So you’re shooting your first feature and you’re working with Hollywood megastar Bristian Kale! Suddenly, maybe to no surprise, he throws a tantrum on set. What do you do?

Well… you suck it up. It’s a small price to pay to get Bristian Kale in your first film!

The rest of us are far more likely to work with actors whose skills and experience are more commensurate with our own. Ideally you’ve found performers who are thrilled to be there, happy to work for scale, and willing to go the extra mile. But even the best actors can be needy, fragile, or temperamental at times.

Here are five tips on how to get the best out of a performer at their worst:

1. Establish your authority

The hierarchy of a film set is a delicate balance of power and ego. On the most functional sets, the cast and crew are seamless extensions of the director’s vision. There is nothing more dangerous than an actor (or frankly, anyone) taking over a set and distorting things to suit their individual goals. Often a difficult actor will test your authority early. They’ll question your decisions, attempt to subvert your instructions, or shift the focus to themselves when it’s not their moment. Establish that you are in control from the start. Be respectful and reasonable, but firm. A wishy-washy response, particularly at the beginning of a shoot, will only lead to more problems.

2. Avoid conflict when possible

Collaboration is a fundamental part of the filmmaking process, but sometimes you and your performer just won’t see eye to eye on a certain scene or beat. Some actors won’t like an idea unless they came up with it, so you might have to convince them that your idea and theirs are essentially the same. Take an element of their suggestion and steer it towards what you want. If you still find yourself at an impasse you can give them the option of doing some takes their way after first doing it yours or vice versa. They’ll feel empowered creatively at little cost to you. Who knows? Maybe you will end up liking their take!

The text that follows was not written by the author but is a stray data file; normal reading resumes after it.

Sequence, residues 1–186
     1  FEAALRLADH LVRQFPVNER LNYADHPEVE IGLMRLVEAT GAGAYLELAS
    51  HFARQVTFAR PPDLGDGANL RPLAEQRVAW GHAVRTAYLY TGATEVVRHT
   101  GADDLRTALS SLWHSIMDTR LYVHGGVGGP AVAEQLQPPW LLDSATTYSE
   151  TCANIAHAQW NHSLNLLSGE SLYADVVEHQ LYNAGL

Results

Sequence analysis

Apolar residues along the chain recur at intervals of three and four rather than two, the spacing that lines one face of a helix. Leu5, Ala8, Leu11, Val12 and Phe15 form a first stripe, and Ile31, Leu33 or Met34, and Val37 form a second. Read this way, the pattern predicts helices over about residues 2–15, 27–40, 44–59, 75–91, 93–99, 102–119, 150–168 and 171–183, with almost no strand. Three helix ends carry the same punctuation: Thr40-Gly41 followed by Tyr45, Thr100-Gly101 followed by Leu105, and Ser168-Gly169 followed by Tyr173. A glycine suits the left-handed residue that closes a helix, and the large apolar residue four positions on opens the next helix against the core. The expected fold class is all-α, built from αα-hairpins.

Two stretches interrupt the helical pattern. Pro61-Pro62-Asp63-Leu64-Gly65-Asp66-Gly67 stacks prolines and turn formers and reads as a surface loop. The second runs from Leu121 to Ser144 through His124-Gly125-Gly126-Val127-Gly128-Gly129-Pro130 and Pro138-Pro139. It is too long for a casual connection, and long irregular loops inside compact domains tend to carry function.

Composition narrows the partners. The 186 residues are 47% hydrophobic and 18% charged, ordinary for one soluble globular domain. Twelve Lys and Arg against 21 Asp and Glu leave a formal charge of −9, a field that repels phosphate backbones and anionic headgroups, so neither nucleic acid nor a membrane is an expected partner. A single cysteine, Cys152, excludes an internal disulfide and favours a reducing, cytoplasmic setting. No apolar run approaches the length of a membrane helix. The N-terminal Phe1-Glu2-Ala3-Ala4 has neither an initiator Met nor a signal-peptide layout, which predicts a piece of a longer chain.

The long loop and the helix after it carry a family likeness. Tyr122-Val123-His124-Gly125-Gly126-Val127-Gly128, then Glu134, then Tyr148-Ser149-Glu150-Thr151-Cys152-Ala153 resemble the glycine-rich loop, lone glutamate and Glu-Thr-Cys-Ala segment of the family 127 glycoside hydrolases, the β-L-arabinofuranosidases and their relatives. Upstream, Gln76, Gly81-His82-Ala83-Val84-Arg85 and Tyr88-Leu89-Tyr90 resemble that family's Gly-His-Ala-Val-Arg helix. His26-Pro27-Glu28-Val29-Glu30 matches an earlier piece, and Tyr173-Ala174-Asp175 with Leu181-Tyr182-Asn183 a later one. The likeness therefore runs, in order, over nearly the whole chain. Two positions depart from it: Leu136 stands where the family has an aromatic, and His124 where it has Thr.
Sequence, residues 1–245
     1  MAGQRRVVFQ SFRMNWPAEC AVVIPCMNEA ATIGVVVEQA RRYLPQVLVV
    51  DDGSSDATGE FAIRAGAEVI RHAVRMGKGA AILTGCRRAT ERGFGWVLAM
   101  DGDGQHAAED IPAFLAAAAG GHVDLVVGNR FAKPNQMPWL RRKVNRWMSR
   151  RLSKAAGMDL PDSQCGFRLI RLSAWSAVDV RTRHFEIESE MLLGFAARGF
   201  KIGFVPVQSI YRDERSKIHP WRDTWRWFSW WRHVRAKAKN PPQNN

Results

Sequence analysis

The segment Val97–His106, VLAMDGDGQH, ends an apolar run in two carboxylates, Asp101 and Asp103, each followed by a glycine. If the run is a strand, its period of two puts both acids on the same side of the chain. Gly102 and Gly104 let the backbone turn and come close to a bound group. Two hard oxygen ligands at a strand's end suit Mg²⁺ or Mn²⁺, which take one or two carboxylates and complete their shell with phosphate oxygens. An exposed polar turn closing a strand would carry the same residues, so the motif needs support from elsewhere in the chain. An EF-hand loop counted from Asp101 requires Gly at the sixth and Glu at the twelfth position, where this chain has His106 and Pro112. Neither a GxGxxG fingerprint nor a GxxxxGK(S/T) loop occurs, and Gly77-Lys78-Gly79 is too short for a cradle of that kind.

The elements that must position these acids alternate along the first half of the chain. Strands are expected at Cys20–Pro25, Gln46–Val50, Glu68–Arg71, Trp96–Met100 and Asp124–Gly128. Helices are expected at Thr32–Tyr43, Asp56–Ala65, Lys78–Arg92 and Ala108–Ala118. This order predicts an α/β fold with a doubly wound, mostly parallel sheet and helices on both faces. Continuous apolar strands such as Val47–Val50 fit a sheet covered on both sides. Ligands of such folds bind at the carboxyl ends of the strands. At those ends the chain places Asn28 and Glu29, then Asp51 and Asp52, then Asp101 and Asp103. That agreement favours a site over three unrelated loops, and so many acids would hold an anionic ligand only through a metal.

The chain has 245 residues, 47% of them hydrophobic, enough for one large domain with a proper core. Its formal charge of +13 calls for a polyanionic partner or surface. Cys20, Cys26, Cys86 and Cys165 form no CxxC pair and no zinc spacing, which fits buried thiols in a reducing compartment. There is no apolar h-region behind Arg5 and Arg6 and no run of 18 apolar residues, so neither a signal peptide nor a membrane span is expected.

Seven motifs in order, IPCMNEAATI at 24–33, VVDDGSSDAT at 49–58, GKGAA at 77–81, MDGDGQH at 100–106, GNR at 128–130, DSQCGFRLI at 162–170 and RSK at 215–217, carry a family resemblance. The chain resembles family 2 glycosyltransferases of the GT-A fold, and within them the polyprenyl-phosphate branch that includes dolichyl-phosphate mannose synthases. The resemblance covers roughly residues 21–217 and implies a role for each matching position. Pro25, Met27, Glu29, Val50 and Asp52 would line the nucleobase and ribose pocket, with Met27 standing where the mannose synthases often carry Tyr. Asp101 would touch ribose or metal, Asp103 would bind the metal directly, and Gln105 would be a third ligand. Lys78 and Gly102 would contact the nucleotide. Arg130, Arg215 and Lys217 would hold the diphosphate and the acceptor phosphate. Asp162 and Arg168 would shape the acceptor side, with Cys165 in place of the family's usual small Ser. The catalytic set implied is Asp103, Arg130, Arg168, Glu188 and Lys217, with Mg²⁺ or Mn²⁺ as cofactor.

3. Be careful casting friends

It might seem like a great idea to cast friends or acquaintances with whom you already have a rapport. Working with friends can be fun, however, they might actually be less disciplined on set or have a difficult time respecting the director/actor hierarchy with their “buddy.” Remember, this is a business and your work is at stake. Whether they are friends or new connections, make sure you only bring on pros who are serious about the work and are willing collaborators. Unless you’re friends with Bristian Kale. He’s amazing!

4. Take a walk, feed the ego

If you find yourself struggling with a performer in preproduction or rehearsals, you can always recast. You will probably save yourself a lot of headaches, despite the initial inconvenience. But if you’re in the middle of your shoot when the drama begins, it’s important to keep the peace. Put on your most diplomatic smile, walk the actor around the block to clear the air, and thank them for being there. Pump them up, reestablish authority (and hopefully trust), and get back to work.

5. Learn from your mistakes

Pay attention to the different types of personalities you come in contact with on set. How does your style mesh with theirs? What works? What doesn’t? Today’s rough experience can be a teaching tool for tomorrow. Be particularly mindful of how your actors behave in auditions and rehearsals, so you can hopefully spot the red flags and avoid hiring a difficult actor the next time around. Pretty soon Bristian Kale will be begging you for a role!